Over the Christmas break I started to reflect on the nature of service provision in the Language Services industry in the light of new technologies coming out of machine learning and artificial intelligence advances and my own predictions of the influences upon the industry and the industry’s response to them.

There are the recent announcements of adaptive and neural network machine translation; pervasive cloud platforms with ubiquitous connectivity and cognitive capabilities; an upsurge in low-cost, high-benefit open source tooling and frameworks; and many mature api’s and standards.

All of these sophisticated opportunities really do mean that as a company providing services you have to be informed, adaptable, and agile; employ clever, enthusiastic people; and derive joy and satisfaction from harnessing disruptive influences to the benefit of yourselves and your customers.

I do have concerns: How do we sustain the level of investment necessary to stay abreast of all these influences and produce novel services and solutions from them in an environment of very small margins and low tolerance to increased or additional costs?

Don’t get me wrong though. Having spent the last 10 years engaging with world-class research centers such as ADAPT, working alongside thought leading academics and institutions such as DFKI and InfAI, participating in European level Innovation Actions and Projects, and generally ensuring that our company has the required awareness, understanding and expertise, I continue to be positive and enthusiastic in my approach to these challenges.

I am satisfied that we are active in all of the spaces that industry analysts see as being currently significant. To whit: ongoing evaluations of adaptive translation environments and NMT, agile platforms powered by distributed services and serverless architectures, Deep Content (semantic enrichment and NLP), and Review Sentinel (machine learning and text classification).

Less I sound complacent, we have much more in the pipeline and my talented and knowledgeable colleagues are excited for the future.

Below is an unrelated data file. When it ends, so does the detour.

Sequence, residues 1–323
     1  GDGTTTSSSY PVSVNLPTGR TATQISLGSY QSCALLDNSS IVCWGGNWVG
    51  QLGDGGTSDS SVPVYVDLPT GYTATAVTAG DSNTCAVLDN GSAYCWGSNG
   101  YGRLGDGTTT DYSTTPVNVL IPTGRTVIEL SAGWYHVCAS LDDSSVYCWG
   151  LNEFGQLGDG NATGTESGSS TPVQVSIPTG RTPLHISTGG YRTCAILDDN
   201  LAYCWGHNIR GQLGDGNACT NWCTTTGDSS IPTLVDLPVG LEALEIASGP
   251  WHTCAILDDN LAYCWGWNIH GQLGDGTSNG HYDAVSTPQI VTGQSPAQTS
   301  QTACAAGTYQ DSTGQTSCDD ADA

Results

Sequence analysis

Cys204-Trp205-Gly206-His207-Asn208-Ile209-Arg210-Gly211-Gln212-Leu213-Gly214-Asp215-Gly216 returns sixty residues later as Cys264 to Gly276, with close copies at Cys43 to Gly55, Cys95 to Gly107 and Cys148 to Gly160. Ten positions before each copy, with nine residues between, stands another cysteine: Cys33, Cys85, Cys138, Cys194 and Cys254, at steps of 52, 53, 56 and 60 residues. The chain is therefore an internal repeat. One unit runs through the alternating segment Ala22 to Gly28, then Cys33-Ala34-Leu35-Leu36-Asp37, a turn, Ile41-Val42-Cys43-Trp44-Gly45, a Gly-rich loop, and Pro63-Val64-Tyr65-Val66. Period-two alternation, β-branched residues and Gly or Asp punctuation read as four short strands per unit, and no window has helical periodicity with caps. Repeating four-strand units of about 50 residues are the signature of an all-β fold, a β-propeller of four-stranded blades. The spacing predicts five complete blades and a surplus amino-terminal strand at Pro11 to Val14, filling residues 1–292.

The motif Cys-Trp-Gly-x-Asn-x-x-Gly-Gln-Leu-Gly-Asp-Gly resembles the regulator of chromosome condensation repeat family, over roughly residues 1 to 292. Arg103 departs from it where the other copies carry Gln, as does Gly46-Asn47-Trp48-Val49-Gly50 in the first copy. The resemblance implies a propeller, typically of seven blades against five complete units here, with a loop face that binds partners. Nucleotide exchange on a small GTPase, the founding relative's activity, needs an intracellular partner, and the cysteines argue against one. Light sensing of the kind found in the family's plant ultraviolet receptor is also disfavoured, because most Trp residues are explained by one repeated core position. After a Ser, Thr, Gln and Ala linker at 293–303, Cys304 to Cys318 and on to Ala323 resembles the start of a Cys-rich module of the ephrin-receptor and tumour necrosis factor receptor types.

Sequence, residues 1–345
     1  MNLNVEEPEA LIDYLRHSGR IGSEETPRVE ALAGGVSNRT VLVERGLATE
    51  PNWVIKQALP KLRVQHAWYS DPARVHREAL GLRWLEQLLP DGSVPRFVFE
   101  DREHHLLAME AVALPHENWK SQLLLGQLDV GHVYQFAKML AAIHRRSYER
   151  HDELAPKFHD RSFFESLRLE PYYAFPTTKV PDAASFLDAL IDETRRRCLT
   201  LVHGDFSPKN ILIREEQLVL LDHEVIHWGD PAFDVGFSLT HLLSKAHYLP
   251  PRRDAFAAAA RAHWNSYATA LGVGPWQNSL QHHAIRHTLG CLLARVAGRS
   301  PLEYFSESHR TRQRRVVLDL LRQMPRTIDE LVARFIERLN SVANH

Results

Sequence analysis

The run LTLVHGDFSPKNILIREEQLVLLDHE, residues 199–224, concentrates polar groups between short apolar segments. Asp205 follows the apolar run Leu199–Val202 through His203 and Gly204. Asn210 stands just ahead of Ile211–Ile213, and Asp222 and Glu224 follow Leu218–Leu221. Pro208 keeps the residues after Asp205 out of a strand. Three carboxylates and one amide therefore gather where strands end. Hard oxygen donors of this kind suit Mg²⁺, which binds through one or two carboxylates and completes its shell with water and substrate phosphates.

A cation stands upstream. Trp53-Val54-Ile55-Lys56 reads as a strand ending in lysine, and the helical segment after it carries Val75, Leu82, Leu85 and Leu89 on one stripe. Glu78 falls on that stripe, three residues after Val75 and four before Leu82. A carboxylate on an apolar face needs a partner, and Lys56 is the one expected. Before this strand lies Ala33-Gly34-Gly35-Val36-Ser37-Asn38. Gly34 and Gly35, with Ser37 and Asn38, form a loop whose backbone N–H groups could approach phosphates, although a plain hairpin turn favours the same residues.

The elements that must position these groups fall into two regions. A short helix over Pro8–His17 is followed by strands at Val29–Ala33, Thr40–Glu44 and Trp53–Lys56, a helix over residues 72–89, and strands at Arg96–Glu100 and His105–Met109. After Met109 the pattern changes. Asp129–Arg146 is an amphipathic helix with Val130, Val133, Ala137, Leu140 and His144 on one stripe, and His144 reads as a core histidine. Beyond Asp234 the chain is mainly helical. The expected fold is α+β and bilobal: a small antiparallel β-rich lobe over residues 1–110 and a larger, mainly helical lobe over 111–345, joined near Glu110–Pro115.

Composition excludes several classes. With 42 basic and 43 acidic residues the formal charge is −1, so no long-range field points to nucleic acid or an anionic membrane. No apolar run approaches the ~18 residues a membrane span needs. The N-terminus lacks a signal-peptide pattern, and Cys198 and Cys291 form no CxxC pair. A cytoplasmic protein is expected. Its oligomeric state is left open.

Machine Translation Pipeline Meets Business Trends

This week we will carry out final integration and deployment tests on our distributed pipeline for large scale and continuous translation scenarios that heavily leverage the power of machine translation.

We have built this platform as we recognised the demands and trends that are being reported by industry experts like Common Sense Advisory and Kantan.

The platform features several configurable services that can be switched on as required. These include:

  • automated source pre-editing prior to passing to a choice of custom machine translation engines;
  • integrated pre-MT translation memory leverage;
  • automated post-edit of raw machine translation prior to human post-edit;
  • in-process, low-friction capture of actionable feedback on MT output from humans;
  • automated post-processing of human post-edit;
  • automated capture of edit distance data for BI and reporting.

The only component missing that will be integrated during May is the text analysis and text classification algorithms which will give us the ability to do automated quality assurance of every single segment. Yes, everything – no spot-checking or limited scope audits.

The platform is distributed and utilises industry standard formats including XLIFF and ITS. Thus it is wholly scalable and extensible. Of note is that this platform delivers upon all six of the trends recently publicised by Kantan. Thanks to Olga O’Laoghaire who made significant contributions to the post-editing components and Ferenc Dobi, lead Architect and developer.

I’m very excited to see the fruition of this project. It doesn’t just represent the ability for us to generate millions of words of translated content, it delivers a controlled environment in which we can apply state-of-the-art techniques that are highly optimised at every stage, measurable and designed to target the goal of fully automated usable translation (FAUT).